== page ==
No one wants to read about a fictional nice day. Great fiction is about one thing, and one thing only . . . problems. And lots of them. Problems keep the pages turning, and the heart of a problem is conflict. Without conflict, there is no plot, which is why every scene needs it. But what, exactly, is conflict?
Conflict is what arises when two characters have opposing personalities and/or goals. Conflict happens when a character wants something, but then . . .
I can hear the objections now. But what about inner conflict? And what about a bad storm, or a huge rock rolling down a hill toward my protagonist?
Inner conflict pertains to character arc. It does not pertain to plot. Until it is acted out in the plot, the character can always take it back. Inner conflict does not rise to the level of plot-moving conflict until the inner conflict results in both a choice that is at odds with another character’s goals and an action that is based on that choice.
As for the storm and the rock, they are simply bad situations. Conflict is about agendas, and we must have a human component for there to be an agenda. A storm or a rock simply are. They have no intention. Conflict requires intention.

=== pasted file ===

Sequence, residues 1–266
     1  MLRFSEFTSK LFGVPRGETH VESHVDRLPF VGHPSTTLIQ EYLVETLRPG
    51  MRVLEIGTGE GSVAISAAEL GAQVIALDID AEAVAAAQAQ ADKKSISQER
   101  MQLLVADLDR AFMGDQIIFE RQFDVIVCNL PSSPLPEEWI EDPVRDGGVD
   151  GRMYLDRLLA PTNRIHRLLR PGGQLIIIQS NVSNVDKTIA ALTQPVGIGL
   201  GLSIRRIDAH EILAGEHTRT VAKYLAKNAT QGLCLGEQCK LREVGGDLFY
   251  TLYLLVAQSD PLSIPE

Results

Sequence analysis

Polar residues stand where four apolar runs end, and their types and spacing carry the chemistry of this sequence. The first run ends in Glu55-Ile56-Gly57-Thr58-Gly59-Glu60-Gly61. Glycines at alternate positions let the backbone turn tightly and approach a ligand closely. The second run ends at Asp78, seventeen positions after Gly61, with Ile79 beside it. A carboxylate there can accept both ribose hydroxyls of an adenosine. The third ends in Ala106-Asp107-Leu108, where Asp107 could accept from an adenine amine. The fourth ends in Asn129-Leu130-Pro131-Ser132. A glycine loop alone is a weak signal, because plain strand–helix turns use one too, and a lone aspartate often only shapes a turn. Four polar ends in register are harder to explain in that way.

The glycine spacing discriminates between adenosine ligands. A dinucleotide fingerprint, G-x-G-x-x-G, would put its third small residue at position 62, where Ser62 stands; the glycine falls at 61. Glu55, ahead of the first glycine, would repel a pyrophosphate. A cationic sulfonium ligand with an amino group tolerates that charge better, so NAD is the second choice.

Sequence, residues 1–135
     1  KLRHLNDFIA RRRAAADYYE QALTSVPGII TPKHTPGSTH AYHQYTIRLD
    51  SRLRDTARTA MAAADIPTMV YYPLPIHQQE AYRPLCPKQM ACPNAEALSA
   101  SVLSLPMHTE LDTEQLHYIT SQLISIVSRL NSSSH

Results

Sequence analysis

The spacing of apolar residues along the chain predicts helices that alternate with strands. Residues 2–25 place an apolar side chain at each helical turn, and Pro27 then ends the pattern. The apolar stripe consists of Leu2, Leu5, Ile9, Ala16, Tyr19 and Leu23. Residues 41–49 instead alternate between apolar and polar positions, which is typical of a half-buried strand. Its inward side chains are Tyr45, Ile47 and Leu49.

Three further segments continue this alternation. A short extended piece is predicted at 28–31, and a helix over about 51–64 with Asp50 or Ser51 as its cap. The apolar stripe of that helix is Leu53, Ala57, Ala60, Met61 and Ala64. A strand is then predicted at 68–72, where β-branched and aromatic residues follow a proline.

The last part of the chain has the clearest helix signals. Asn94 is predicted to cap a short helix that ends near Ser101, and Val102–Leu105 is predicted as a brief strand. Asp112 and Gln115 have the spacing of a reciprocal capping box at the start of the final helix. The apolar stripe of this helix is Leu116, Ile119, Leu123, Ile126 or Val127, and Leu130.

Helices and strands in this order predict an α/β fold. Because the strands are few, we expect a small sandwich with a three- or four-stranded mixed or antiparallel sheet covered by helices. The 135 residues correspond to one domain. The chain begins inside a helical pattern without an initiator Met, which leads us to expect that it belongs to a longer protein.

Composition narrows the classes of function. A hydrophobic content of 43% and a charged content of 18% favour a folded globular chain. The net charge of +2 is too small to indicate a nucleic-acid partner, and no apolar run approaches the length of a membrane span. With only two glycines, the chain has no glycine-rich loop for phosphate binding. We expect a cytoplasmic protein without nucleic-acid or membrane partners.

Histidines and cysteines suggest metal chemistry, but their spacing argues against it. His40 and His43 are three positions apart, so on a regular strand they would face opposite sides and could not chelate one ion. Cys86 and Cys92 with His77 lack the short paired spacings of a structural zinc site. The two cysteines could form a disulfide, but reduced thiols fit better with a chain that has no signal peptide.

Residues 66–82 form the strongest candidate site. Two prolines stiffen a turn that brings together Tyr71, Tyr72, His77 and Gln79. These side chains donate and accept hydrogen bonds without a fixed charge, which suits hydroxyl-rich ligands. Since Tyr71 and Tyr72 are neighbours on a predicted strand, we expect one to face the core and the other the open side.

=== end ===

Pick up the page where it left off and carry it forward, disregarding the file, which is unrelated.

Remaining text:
Genuine conflict springs organically from plot and themes, as well as from the personalities, backgrounds, and goals of the characters. It’s what happens when we put spiders in a bowl. As writers, it’s our job to place the arachnids in sight of each other and record what happens. THE MAN FROM U.N.C.L.E. does this brilliantly. It isn’t just a funny, clever spy thriller, it is an outstanding example of this type of primal, natural conflict.
Three levels of conflict in THE MAN FROM U.N.C.L.E.:
The movie takes place during the heart of the Cold War, 1963. The main characters are American CIA operative Napoleon Solo (Henry Cavill) and Soviet KGB operative Illya Kuryakin (Armie Hammer).
In the beginning, Solo is tasked with secreting Gaby Teller out of East Berlin. Kuryakin is told to stop him from helping Teller at all cost. Two characters with opposing goals and agendas born of the initial plot.
Once Teller is out of East Berlin, Solo and Kuryakin are told that Teller’s father has developed nuclear technology that surpasses that of either the US or the Soviet Union, and that the Nazi-sympathizing Vinciguerra family is using him to make a nuclear weapon of their own. Solo and Kuryakin are suddenly teamed up with the common goal of thwarting Alexander and Victoria Vinciguerra. The Vinciguerras are a third party with an agenda that is diametrically opposed to the common agenda of both Solo and Kuryakin. Conflict born of plot.
When it is clear that the Vinciguerras have not only the nuclear technology, but a nuclear weapon set to fire, Solo and Kuryakin are given the new common goal of diffusing the bomb. However, each is also given the individual task of retrieving the nuclear technology for his country, even if it means killing the other. The two characters are both at odds with the Vinciguerra agenda, but are once more in direct conflict with each other – all tracing to the plot.